This month, Nature magazine published the findings of a study carried out on hominid fossils found between 2007 and 2009 in the Turkana Basin in Kenya/Ethiopia by a mother-daughter-led team: we’re talking about paleoanthropologists Meave and Louise Leakey. It turns out that there were two hitherto unheard-of Homo species alive at the same time as our Homo erectus ancestors! The fact that only our Homo sapiens species survived all the way to 2015 makes us look pretty lonely, so it’s a warm and fuzzy feeling to know we had company (with whom we perhaps could not breed, though) back then.
Northern Kenya and Southern Ethiopia share the Turkana Basin, and these fossils were discovered East of the modern Lake Turkana – also called the Jade Sea for its beautiful dark green colour:
But halt! Before you think there were only two women paleoanthropologists in the Leakey family, Mary Leakey forces to begin this story at the beginning:
Mary Leakey (1913–1996), was a British paleoanthropologist. She worked with Louis Leakey (husband), a founder of research institutes and projects, who seems to have been a visionary, but also worked at the excavation sites where Mary was regularly digging.
Here be the Google doodle of Mary on her 100th birthday:
Let’s list her discoveries. (Trigger warning: they might make you feel you have nothing to show for your life.)
– 1930–34, UK: Apprenticed (archaeology) to one Dorothy Liddell.
– 1934, UK: Found what turned out to be the largest elephant tooth known in Britain up to that time.
– 1935 to 1959, Tanzania (clearly she hadn’t heard of gap years): Found all sorts of Stone Age stone tools ranging from chopping instruments to axes.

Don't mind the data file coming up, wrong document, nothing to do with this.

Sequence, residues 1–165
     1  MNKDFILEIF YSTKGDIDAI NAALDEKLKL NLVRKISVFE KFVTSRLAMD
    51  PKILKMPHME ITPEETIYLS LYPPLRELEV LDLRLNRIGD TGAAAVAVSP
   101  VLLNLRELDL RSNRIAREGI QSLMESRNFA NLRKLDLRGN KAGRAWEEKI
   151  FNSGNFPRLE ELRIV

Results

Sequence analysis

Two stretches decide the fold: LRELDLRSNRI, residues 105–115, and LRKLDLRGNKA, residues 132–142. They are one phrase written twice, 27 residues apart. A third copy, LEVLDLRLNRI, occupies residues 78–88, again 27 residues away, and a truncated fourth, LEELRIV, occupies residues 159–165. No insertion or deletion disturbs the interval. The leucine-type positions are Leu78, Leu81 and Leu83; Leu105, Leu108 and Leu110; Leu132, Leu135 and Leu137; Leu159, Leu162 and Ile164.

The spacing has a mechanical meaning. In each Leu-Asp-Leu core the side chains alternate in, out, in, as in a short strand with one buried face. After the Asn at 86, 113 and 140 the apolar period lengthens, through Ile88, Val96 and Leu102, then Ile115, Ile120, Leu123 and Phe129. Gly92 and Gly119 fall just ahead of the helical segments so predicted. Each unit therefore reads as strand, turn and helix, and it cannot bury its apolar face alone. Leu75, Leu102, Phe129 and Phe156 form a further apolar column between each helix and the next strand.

– 1948, Kenya: Along with Louis Leakey, found a Proconsul africanus
– 1959, Tanzania: Found the skull of an Olduvai Hominid number 5, aka “Nutcracker Man” (look at his jaw and you’ll know why the nickname).
– 1960, Tanzania: Found the first fossilized remains of Homo habilis aka “Handy Man”, along with Louis.
– 1976-78, Tanzania: Found the now-famous Hominin footprints preserved in volcanic ash. Hominins were ancestors of us Homos (now we know why LGBT rights are vital). These footprints predated the then estimated date of bipedalism (that pesky cause of backaches, according to yours truly) by 3 million years.
Incidentally, over the years, she discovered 15 new species of other animals.
This stuff pretty much speaks for itself.
Maeve Leakey, PhD
Maeve (born 1942) is Mary’s daughter-in-law, as we see from above family tree; she married Richard, paleontologist. But this wasn’t no “Tu Tu Main Main” sasuraal, at least professionally.
1999, Kenya: She and her team discovered a skull that turned out to belong to Kenyanthropus platyops, aka the “flat-faced man of Kenya” – clearly another overachiever. No offence, Maeve, but at 57, the only digging I hope to be doing is in a cup of ice cream. She followed this discovery up with research about the genuses Australopithecus and Kenyanthropus. She works for the Turkana Basin Institute, founded by sasurji Louis.
Louise Leakey, PhD
Meave’s daughter Louise, born 1972, works at the Turkana Basin too, with her mother. She tweets lovely pics of excavation sites. We’ll spare you her bio-data, for fear of too much self-flagellation.
PS: She’s also a princess. You heard right. She married a Belgian prince, who happens to be a primatologist too. I think it’s now safe to say that this paleontology/anthropoogy/biology stuff is a family business.
Finally we come to the Trimates, three women who were hired by the Leakey grandfather, Louis, to work with primates. These be:
Louis got them funding (though it didn’t quite materialize properly with Galdikas while Louis was alive) – funding seems to have been another of his mover-and-shaker talents.
So to sum up, in the Leakey extended family tree, we’ve got:
Male paleontologists/paleoanthropologists: 2 (Louis and Richard)
Female paleoanthropologists: 3 (Mary, Maeve and Louise)
Male primatologists: 1 (The Prince)
Female primatologists: 3 (Goodall, Fossey and Galdikas)
Woohoo for females! Since that’s the only thing an underachiever like me has in common with them (except that we’re all homo sapiens), I’m milking it for all it’s worth.